Wednesday, September 20, 2006

Get Well Soon, Marianne Faithfull! #3: The Architecture Of The Groupie Landscape

People who have never experienced the groupie dynamic typically imagine things like two fourteen year old girls wrestling in the doorway of Jimmy Page’s hotel room, pulling hair, scratching, kicking each other while Page lounges on the carpet watching, laughing.

But judging the groupie dynamic by scenes like this is as misguided as saying, for instance, that San Francisco is a city of ugly buildings because there are a lot of funky McDonald’s fast food restaurants there. The (so to speak) architecture of the groupie landscape is a panorama of skyscrapers and cottages, elegant spires and sprawling campuses, glass and steel, bricks and wood, an inspiring vista in all directions. And, unlike the self-similar fractal trivialities of the Mandelbrot set, where ever you look at the groupie landscape what you see is always uniquely beautiful, interesting and cool, never repeated regardless of what dimension you move your point-of-view through.

Music is less visual than painting, but the painting world participates in the same groupie dynamic as the music world. Here are some views—visual and textual—of part of the landscape. Quotes and images from Eyewitness Art: Manet.

Antonin Proust recalled walking with Manet when a woman carrying a guitar stepped out from a café: “Manet went up to her and asked her to come and pose for him. She went off laughing. ‘I’ll catch up with her again,’ cried Manet, ‘and if she still won’t pose, I’ve got Victorine.’”

Victorine Meurent was Manet’s favorite model. According to his friend Théodore Duret, Manet first met Victorine in 1862, “… by chance in a crowd in a room in the Palais de Justice [and] had been struck by her original and distinctive appearance.” She was then just 18 and had worked as a model in Thomas Couture’s studio, although by that time Manet had already left.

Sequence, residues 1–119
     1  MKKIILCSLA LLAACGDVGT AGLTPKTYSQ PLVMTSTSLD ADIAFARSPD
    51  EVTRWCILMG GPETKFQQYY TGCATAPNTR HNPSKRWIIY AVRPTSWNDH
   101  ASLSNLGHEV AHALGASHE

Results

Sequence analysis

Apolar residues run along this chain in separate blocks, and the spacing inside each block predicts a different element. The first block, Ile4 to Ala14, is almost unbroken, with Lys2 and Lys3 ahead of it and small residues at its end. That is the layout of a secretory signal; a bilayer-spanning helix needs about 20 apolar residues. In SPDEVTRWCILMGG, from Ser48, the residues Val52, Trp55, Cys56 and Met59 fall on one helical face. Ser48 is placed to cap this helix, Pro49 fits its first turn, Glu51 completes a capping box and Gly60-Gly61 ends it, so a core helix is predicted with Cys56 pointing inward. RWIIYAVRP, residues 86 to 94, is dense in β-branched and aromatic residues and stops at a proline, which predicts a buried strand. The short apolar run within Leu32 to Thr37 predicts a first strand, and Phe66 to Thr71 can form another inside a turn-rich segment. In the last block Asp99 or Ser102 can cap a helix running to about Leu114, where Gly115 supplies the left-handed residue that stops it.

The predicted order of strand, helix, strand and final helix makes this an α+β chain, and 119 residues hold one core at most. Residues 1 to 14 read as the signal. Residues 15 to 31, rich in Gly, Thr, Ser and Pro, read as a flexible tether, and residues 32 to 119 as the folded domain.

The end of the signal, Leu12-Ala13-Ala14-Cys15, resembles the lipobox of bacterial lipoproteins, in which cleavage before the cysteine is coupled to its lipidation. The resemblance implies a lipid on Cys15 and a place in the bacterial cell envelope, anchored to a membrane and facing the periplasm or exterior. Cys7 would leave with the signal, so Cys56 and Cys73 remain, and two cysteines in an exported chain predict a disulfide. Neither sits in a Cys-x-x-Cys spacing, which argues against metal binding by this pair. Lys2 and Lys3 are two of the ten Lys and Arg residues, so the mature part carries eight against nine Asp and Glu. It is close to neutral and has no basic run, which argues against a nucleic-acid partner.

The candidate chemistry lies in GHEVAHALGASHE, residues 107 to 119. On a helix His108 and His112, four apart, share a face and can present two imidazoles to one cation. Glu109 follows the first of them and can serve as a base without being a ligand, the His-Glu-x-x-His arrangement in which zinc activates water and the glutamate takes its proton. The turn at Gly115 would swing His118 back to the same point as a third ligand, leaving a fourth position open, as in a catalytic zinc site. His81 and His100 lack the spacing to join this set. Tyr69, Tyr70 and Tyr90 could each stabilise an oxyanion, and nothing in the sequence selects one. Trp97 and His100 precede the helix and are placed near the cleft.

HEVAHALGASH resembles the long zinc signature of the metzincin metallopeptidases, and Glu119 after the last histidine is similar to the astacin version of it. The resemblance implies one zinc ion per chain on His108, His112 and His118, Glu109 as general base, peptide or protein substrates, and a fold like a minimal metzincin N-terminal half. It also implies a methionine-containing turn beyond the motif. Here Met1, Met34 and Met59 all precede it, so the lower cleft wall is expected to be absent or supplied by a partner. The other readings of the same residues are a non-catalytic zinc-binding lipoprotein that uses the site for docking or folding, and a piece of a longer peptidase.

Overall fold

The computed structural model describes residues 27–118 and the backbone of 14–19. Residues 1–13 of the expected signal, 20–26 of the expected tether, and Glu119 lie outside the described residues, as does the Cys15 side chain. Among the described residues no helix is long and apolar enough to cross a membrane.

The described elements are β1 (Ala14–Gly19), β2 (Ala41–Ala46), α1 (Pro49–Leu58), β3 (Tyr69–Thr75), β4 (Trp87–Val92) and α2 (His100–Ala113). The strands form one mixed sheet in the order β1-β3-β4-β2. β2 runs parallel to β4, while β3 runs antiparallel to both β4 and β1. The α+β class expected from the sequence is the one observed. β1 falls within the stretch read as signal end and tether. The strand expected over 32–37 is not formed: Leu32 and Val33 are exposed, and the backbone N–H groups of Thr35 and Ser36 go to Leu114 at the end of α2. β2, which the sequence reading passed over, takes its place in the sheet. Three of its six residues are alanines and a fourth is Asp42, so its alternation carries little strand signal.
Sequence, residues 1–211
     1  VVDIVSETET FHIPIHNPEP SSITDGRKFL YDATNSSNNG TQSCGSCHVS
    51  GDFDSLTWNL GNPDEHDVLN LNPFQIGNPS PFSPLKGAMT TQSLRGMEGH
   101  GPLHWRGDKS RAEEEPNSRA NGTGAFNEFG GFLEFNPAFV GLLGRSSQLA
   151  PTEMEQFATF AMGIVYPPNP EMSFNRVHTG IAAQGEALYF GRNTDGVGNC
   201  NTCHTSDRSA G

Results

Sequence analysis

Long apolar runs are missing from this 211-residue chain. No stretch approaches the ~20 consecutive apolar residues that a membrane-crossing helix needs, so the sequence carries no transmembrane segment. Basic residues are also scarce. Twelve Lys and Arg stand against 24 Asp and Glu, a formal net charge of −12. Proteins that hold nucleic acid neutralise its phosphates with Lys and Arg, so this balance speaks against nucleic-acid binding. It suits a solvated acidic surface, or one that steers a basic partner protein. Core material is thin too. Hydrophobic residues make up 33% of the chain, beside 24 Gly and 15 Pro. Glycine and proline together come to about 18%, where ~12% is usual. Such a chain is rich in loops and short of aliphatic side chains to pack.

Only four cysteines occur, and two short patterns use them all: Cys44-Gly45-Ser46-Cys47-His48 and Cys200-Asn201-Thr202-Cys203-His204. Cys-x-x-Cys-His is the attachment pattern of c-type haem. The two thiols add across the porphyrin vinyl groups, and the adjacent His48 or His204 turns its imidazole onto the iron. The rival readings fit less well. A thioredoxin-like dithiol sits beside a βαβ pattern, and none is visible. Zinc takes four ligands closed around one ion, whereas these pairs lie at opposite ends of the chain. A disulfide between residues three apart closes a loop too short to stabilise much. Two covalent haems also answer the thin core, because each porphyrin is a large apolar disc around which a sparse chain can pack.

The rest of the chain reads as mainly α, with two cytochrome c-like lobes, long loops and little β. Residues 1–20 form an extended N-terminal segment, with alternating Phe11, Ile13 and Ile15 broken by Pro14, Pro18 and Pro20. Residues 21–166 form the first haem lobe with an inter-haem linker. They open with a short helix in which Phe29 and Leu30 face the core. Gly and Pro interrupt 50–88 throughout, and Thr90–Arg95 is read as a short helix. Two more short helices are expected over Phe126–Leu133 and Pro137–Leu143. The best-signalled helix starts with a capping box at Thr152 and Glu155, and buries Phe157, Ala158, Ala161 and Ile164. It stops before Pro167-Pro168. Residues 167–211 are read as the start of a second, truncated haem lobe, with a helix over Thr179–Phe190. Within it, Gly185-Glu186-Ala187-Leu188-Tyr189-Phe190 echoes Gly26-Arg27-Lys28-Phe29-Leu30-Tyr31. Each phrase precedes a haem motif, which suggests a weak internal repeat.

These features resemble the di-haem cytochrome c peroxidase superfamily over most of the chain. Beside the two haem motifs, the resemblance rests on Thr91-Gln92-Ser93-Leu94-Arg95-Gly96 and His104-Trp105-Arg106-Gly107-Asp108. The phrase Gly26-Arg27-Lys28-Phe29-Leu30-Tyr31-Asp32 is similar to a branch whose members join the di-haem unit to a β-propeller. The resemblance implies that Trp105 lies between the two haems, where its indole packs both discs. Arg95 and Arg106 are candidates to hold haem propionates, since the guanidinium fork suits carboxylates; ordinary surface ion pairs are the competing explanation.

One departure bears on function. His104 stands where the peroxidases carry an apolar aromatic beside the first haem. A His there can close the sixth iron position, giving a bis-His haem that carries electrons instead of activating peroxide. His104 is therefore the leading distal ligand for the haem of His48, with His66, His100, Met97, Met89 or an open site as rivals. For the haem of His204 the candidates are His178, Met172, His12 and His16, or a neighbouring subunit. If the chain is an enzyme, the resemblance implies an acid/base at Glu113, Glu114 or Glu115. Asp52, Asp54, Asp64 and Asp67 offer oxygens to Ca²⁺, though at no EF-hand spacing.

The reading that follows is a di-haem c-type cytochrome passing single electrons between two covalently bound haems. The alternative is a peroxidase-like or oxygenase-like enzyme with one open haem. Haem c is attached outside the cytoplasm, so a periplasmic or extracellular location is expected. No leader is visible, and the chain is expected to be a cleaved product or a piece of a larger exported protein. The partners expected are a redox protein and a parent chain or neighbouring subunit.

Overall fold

According to the writer, Tabarant, Meurent posed for Manet “with long intervening lapses, for she had a will of her own.” She went to America at the end of the 1860s, but returned to France in about 1872 and disappeared into oblivion.

Meurent was known as a “fantastic character” who played the guitar and who could also paint (she later exhibited in the 1876 Salon when Manet’s own works were rejected, and again in 1879). She was to enjoy a dubious kind of fame in her role as the naked courtesan ‘Olympia,’ and her grace under the pressure of the attention she received from the press, as Manet’s model, attests to her strength of character.

Isn’t it odd that the writer said Meurent “disappeared into oblivion” when, today, her face and body—and thanks to the skill of Manet, the object of her attention, something of her character and spirit—are viewed and admired, experienced, by thousands of people every day in museums around the world, in books around the world, on the internet around the world?

That’s a strange kind of oblivion.

It’s a timeless oblivion. A magical oblivion. It is an oblivion that is bright and warm under the strange sun of Magonia, a sun that illuminates a very interesting landscape. A wonderful landscape.


Get well soon, Marianne Faithfull!

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